Ethics And Compliance

Ethics And Compliance

The road to improving integrity in the private and public sectors

The East Sarajevo-based West-East Forum for Ethics and Compliance (WEFEC), in cooperation with the US-based Society of Corporate Compliance and Ethics (SCCE), has developed an innovative approach to public sector compliance regulations based on corporate compliance best practices from international corporate compliance standards called the Public Integrity Act.  According to WEFEC President Bojan Bajic, who received the prestigious SCCE award for his contribution to promoting ethics and compliance in the world, it all began with a whistleblower incident.

‘Everything started when I met Bosnia’s famous whistleblower, my current colleague Visnja Marilovic, who reported a $2 million corruption scandal in a public company. She was exposed to a very aggressive retaliation and, as a member of a small advocacy NGO, I thought that the best way to save her from this dilemma was to turn this unfortunate incident into something productive. So we joined forces and lobbied for the first whistleblower laws in Bosnia and Herzegovina which will help and encourage others to continue to report violations and corruption.’

That led to Bojan founding NetConsulting which offers ethics and compliance training to both companies and public institutions, such as the Ministry of Defense. His experience in private sector integrity issues had always faced uphill battles, however, because of the challenges of corruption in the public sector. So he founded the West East Forum for Ethics and Compliance to tackle what he saw as the biggest issue. WEFEC aims to promote the concept of the Public Integrity Act within public sector institutions that introduces effective and robust public sector compliance standards that will minimalize corruption and spur economic growth and attracting foreign investments.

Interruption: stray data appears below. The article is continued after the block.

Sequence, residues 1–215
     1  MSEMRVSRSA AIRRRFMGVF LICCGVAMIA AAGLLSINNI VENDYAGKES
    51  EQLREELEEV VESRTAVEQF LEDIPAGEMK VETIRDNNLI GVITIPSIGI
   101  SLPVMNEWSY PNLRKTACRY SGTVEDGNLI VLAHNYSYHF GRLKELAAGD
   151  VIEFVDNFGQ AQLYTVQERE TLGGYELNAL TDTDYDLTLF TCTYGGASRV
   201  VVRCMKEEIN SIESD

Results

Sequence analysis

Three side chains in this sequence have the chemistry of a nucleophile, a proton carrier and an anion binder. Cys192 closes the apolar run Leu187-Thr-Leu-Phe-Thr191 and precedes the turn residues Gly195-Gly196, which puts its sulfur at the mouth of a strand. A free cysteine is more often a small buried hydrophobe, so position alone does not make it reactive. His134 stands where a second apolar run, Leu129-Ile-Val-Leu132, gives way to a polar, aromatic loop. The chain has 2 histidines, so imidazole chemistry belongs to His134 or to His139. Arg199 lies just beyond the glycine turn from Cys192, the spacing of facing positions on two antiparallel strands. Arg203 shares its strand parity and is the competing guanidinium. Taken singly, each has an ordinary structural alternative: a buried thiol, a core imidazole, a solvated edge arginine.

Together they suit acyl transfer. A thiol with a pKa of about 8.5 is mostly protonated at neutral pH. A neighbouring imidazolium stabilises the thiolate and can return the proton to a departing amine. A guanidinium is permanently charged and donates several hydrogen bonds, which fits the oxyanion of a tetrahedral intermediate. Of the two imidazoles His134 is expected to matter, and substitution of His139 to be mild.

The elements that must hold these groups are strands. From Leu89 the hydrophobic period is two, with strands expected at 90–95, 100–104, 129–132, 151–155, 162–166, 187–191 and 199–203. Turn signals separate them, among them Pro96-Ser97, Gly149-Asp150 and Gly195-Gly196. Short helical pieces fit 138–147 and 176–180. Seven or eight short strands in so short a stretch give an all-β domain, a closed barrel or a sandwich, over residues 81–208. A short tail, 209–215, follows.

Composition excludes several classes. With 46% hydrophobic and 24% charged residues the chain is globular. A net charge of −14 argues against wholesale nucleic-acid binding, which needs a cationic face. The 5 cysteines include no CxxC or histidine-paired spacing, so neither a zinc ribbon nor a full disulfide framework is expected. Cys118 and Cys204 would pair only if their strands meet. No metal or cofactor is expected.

The West-East Forum for Ethics and Compliance main goal is to utilize the proven best practices from US Corporate Ethics and Compliance regulations on compliance programs and compliance officers in order to introduce them at the public sector level to address the specific complexities of corruption in transitional and developing countries.  They aim to begin the process to eradicate the culture of corruption that handicaps economic growth, rule of law, and obstructs foreign investment by mobilizing leaders of integrity from the business, public, and civil society sectors to create a healthy, fair play market environment that provides effective, long-term solutions to the crippling effects of public sector and corporate corruption. We are convinced that effective compliance programs for western corporations can be a model for government and public sector itself that will enable us to bridge the gaps in compliance and ethics in many eastern countries.

Their team researches and investigates existing legislation and anti-corruption measures in order to draft the most practical and realistic legislation for the public sector that incorporate compliance programs and compliance officers as effective mechanisms based on best practices from US Corporate Compliance & Ethics standards. In cooperation with US Embassy to BiH, WEFEC recently conducted a ‘Compliance Academy’ aimed at training ethics and compliance officers that will be the future leaders in identifying corrupt practices and have the proper tools to be able to enforce the mechanisms in place.

Where they differ from traditional Compliance & Ethics practices is that we involve the business community and civil society in creating the legal framework for compliance to implement within the public sector. Through their work with corporate C&E standards they realized the importance of compliance standards within the public sector as well. Without effective and comprehensive compliance mechanisms, anti-corruption laws are often simply paper tigers.  C&E in government and the public sector in order to create a healthy, fair play market environment that will continue to stimulate and support business and the economy

Bajic concludes, ‘the reasons why I got involved in this, where there is not equal opportunities for all and where corruption and bribery is the first and main option instead of behaving ethically, countries in transition need ethics and compliance at the public level as well as the corporate level. This is where we see our experience having a widespread effect. The non-profit West East Forum for Ethics and Compliance understands the imperative to introducing best practices from corporate compliance and ethics from the US into the public sector of developing countries, particularly in the ‘east’ like the Western Balkans, Caucasus’, and Central Asia. The geo-political struggles tug-of-war in these regions are directly correlated to the lack of compliance and ethics…and this is where we believe we can make a meaningful change so that we can live in moral and ethical societies. We know there are great obstacles in spreading compliance in the developing world but we feel being that we come from a post-conflict transitional country that we understand the dynamics and culture of corruption and nepotism perhaps better than westerners. We hope to bridge that gap between West and East culture of compliance. ‘ (

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